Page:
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Data analytics has been identified as one of the three important data pillars necessary for the success of global firms. PHILIPPE HUGUEN/AFP

Data has become more accessible in this digital era so much that if businesses neglect data before formulating strategies and making decisions, they might miss out on available opportunities.

More than before, retail customers have moved online and part of this can be attributed to the challenges faced by consumers during the pandemic. Studies show that SMEs now generate digital data at an unmatched rate from social media marketing and online transactions. The increase in data flow over the past years has necessitated businesses to make systematic data-driven decisions.

Usually, decisions are made based on the intuition of professionals but given the large amount of data generated from online transactions, businesses need data analytics to be able to identify growth opportunities as well as gain insights into consumer preferences and behaviour.

In most countries, SMEs play a pivotal role in creating value via supply chains and are also a foundation for many industries. According to estimates by the Federation of Small Businesses (FSB), at the start of 2019, SMEs accounted for about 99.9 per cent of all businesses in the UK.

The report also shows that SMEs in the UK account for 60 per cent of employment and contribute to about 52 per cent of private sector turnover in the country. Furthermore, a report from Sage projected that SMEs will contribute to 51.9 per cent of the total business turnover in the UK economy by 2025, highlighting the promising and sizeable future anticipated for the sector.

With the rise of advanced technology, data is key for SMEs' growth. It is imperative to note that data-driven strategies are not only a competitive advantage for retail SMEs but also necessary for their survival in this competitive digital era.

At International Business Times UK, we will delve into how retail SMEs are positioning themselves for growth and opportunities by implementing data analytics to help in their decision-making.

Data analytics and data-driven decision making

Data has developed as a potent currency in the changing terrain of modern business, shaping strategy, driving innovation, and redefining success. The art of data analytics has grown to prominence in the huge and ever-growing digital ocean of information, revolutionising how British businesses make choices.

Firms, ranging from global enterprises to agile startups, are rapidly understanding the enormous benefit of data-driven decision-making in managing difficult obstacles, thriving on emerging opportunities, and charting a road toward sustainable growth.

Data analytics has been identified as one of the three important data pillars necessary for the success of global firms, hence it cannot be taken with levity by retail businesses that desire expansion and growth.

Data analytics is simply the process of collecting, analysing and interpreting a large set of data. E-commerce businesses particularly use data analytics to collect data about consumer behaviours to improve shoppers' experiences and also increase sales, among other things.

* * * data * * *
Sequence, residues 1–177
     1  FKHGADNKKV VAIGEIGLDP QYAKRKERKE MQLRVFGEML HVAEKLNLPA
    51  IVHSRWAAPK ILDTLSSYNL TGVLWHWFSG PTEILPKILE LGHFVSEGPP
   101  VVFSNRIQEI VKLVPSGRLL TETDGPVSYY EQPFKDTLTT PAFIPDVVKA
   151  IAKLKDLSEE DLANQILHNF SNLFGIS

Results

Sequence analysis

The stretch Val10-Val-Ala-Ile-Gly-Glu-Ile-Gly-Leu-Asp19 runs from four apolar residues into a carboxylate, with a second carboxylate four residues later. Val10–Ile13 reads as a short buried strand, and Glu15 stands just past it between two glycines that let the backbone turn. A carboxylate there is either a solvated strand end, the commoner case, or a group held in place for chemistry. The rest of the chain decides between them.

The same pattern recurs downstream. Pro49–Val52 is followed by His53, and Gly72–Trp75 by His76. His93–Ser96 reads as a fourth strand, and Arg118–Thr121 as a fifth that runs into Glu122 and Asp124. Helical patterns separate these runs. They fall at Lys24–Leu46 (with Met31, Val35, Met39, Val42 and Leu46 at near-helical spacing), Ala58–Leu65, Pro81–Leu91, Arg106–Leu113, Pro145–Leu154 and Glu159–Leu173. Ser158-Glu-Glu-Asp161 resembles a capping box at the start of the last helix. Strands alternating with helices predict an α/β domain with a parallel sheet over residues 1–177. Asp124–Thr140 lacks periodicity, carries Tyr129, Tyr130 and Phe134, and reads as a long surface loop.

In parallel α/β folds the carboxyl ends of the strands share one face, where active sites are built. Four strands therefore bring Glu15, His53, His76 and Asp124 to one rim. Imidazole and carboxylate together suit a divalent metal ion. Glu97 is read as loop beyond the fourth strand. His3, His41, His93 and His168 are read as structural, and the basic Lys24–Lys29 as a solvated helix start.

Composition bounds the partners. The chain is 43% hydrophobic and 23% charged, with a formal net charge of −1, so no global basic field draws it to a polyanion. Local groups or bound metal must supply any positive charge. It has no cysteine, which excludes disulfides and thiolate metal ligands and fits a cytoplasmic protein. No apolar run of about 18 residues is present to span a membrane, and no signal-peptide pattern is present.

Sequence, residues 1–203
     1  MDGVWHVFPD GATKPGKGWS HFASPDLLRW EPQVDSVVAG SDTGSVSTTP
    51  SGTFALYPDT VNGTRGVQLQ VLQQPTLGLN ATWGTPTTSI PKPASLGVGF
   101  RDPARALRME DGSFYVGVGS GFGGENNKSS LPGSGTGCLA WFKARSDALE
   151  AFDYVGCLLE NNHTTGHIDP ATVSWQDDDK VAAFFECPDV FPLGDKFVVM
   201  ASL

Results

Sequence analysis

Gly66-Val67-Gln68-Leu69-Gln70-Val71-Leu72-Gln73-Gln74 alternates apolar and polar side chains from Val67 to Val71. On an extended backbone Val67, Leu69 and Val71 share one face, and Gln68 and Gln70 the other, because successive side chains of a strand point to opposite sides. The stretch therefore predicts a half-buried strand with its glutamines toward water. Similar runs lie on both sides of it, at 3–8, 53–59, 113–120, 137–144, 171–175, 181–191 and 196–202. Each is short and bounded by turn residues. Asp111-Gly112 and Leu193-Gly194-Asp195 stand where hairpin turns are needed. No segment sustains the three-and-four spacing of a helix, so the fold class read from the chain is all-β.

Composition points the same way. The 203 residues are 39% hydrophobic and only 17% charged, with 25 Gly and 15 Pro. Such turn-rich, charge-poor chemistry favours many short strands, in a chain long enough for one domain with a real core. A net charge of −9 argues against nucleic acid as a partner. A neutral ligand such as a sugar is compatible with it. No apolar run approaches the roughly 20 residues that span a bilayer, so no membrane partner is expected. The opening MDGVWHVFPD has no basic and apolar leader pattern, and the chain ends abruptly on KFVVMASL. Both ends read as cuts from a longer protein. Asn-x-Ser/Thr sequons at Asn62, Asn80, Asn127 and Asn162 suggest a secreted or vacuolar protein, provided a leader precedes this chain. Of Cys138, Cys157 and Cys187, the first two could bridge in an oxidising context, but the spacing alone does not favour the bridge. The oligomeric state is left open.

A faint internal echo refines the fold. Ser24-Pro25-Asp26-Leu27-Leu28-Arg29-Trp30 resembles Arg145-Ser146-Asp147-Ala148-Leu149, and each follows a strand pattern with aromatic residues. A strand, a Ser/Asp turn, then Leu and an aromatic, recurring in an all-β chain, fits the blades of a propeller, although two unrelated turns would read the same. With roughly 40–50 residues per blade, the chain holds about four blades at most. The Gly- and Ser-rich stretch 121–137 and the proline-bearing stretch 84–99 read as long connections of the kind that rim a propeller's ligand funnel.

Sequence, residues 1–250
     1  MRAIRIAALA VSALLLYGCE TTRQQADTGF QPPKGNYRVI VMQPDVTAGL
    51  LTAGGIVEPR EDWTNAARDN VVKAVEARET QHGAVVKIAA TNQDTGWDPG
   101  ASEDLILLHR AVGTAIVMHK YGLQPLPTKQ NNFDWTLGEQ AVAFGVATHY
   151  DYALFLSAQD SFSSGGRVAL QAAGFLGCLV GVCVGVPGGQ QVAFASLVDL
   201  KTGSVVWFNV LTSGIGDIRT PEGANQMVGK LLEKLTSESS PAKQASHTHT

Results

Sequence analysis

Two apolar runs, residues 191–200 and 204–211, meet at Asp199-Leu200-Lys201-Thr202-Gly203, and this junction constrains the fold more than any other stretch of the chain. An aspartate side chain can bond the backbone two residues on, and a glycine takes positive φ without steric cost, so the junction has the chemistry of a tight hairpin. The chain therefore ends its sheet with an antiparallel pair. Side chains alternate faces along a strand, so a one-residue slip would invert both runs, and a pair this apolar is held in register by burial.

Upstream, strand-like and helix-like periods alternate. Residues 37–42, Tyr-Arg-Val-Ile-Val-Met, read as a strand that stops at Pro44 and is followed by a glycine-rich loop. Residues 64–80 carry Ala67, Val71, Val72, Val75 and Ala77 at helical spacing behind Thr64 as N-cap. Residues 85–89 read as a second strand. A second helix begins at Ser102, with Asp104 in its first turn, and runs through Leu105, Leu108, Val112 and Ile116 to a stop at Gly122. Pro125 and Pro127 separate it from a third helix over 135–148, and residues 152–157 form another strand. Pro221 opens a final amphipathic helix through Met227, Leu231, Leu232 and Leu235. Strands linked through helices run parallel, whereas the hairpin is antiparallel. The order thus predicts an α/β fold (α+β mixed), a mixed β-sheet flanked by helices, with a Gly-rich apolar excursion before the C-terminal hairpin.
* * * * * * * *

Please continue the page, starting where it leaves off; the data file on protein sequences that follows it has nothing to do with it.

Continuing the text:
It is no secret that data is arguably the new oil in the present digital era. However, just like unrefined oil, data without analysis is almost useless to businesses if they do not know how to use or process it. When businesses arrive at decisions based on data, they can analyse trends and also make decisions for the future.

While it is sometimes good to follow instincts, the majority of business decisions should be backed up by facts, metrics, insights and initiatives that align with the aims and goals of the business that can serve as a backbone to the operations of the business.

Big data, which refers to large and complex data, is closely related to data analytics. Big data has received attention from businesses recently due to its promise of increased profitability and productivity. Some companies have successfully become drivers of big data. For example, Amazon uses data such as customers' addresses, names, search history and payment details to improve their customer relations. American Express also uses data to make accurate predictions about customers.

MIT School of Management professors, Erik Brynjolfsson, and Andrew McAfee, in a Wall Street Journal Article, reiterated the importance of being data-driven when they performed a study together with the MIT Center For Virtual Business. The study revealed that companies driven by data enjoy four per cent more productivity and six per cent higher profits

According to OECD, the impact of data-driven decision-making and data analytics on business performance happens mostly through five channels; developing new goods and services, promoting research and development, developing new organisational approaches, optimising production processes and improving existing practices significantly

Many organisations have reported measurable benefits from adopting data analytics. Magellan Pools revealed that adopting Big Data Analytics to promote their marketing led to an improvement of a 54-to-one ratio of sales to expenditure on media.